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There are a whole array of solders to choose from, some cheap and others high tech. Your choice is wide because each variety comes in a range of thicknesses. The optimum thickness of the solder will depend on the size of iron you are using. Many people use a solder which is too thick for the size of iron they are using. I would recommend solder thick nesses as follows:
Soldering Iron | Size | Solder Thickness
Up to 20 watts, bit sizes up to 4.5mm 22 swg
20 watts to 40 watts 18 swg
4.0 watts to 100 watts 16-18 swg
100 watts upwards, bit sizes from 9.5mm 16 swg
It will be seen that even for the large iron, the recommended solder thickness is only 16 swg. There is no point in using all the power of the soldering iron to melt the solder.
There will then be insufficient power left to heat the areas to be jointed, which will only cause a dry joint.
You should avoid buying solder which is not marked with the type or the quantity. Some of the cheap tubes contain only small quantities of very poor solder aimed at the totally inexperienced D-I-Y user and totally unsuitable for proper soldering. Try to select a proprietary name such as "Multicore", "Frys", etc., and a type which clearly indicates what it is and what flux it contains, if any.
Most solders you will buy are pre-fluxed, including most of the solders mentioned below with the exception of plumbers' solder. It will be quite rare nowadays to find a quality solder that is not pre -fluxed and therefore care must be taken if you decide to add an extra flux, to ensure that the two fluxes do not react with each other. In pre -fluxed solders the flux is contained in cores which run throughout its whole length (Figure 4.1).
The types generally available are as follows:
Savbit: This is the type I would recommend for most model ling and electronic work. It is available in most sizes and contains in-built inert flux. The advantage of this solder over the standard 60/40 variety is that it contains a small amount of copper which in my experience, considerably lengthens the life of the soldering iron bit. The theory is that the copper is absorbed by the chemical reaction and prevents the soldering iron bit from deteriorating instead. I would point out that Savbit is a trade mark of Multicore Solders Ltd, although a similar product is available from other manufacturers.
60/40 Tin/Lead: This has been the most widely used solder over the years. Most of us can find some of this in our possession. It is my opinion that this type has been superseded by the Savbit type, but it is still very suitable for most uses. However, it is recommended that it should be used only with iron -coated soldering iron bits. It was because of the etching effect of this type of solder that the iron-plated bit was introduced in the first place.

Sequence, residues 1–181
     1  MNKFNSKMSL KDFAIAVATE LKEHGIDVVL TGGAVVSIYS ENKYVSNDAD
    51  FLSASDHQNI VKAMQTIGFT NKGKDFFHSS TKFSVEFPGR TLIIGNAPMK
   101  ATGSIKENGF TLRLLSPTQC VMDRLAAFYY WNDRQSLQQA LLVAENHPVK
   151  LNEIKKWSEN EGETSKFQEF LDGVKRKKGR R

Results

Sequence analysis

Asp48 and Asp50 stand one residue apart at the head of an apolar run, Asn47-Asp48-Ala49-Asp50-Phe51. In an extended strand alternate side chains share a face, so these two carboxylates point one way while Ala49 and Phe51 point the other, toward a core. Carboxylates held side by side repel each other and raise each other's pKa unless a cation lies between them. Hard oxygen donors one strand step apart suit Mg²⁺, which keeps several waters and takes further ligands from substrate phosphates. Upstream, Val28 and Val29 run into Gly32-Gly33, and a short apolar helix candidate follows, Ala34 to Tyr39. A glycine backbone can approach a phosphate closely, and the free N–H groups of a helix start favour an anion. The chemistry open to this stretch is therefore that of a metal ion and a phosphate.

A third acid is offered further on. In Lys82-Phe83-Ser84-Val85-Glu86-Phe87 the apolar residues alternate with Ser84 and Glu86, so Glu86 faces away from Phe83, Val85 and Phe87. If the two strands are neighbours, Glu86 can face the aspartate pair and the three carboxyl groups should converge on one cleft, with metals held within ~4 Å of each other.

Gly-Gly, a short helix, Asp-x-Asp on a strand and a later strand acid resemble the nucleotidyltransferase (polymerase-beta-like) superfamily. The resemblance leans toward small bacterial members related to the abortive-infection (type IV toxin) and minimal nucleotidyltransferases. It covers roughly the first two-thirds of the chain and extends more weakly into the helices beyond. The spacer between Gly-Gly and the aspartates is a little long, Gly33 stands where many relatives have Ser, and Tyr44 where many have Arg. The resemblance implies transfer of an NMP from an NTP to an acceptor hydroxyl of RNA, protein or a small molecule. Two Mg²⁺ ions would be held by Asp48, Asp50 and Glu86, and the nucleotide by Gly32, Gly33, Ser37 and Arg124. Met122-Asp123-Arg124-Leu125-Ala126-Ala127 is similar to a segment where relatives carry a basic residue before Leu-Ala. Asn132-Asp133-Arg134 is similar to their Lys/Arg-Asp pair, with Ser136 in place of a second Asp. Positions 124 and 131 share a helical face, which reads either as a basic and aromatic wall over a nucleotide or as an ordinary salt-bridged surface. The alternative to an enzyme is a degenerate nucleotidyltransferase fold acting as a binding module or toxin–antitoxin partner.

40/60 Tin/Lead: This has a lower melting point than the two previously mentioned types and often comes with a more active flux. I would not recommend its use for electronics, but it would be very suitable for stained glass work, etc.
Arax 95/5 TM/Antimony: This solder has a very corrosive flux and is very suitable for stainless steel and other materials requiring a more aggressive flux content. You should not use it on electronics or models unless you are prepared to thoroughly scrub the work afterwards to remove the excess flux.
Alusol: This is a specialist solder intended, as its name implies, for soldering aluminum. It has been specially formulated for that use and again should not be used for other applications. Alusol is a registered trade mark of Multicore Solders Ltd.
Plumbers: The modern plumbers' solder must not contain lead if being used with water. This type of solder usually comes In much thicker sizes than most, and would usually be used with a blow torch. It would be mostly unsuitable for jobs where a soldering iron would be used.
Solder Paste: This material is really for an emergency repair, although some people do use it instead of ordinary solder.
Solder Tape: This really is for that emergency repair. It is designed to melt by using a match or cigarette lighter, and is unsuitable for use with a soldering iron.
Low-melt Solder: This is a specialist solder sold mainly for builders of white -metal kits in the model railway and war-game market. Some low-melt solders melt at a very low temperature which it is virtually impossible to get down to even with a very accurate temperature controlled soldering iron. This of course means that they will be very difficult to work with. If the white metal needs a solder with this low a melting temperature, then it also may be very difficult to work with. The best type of low-melt solder melts around 140°C.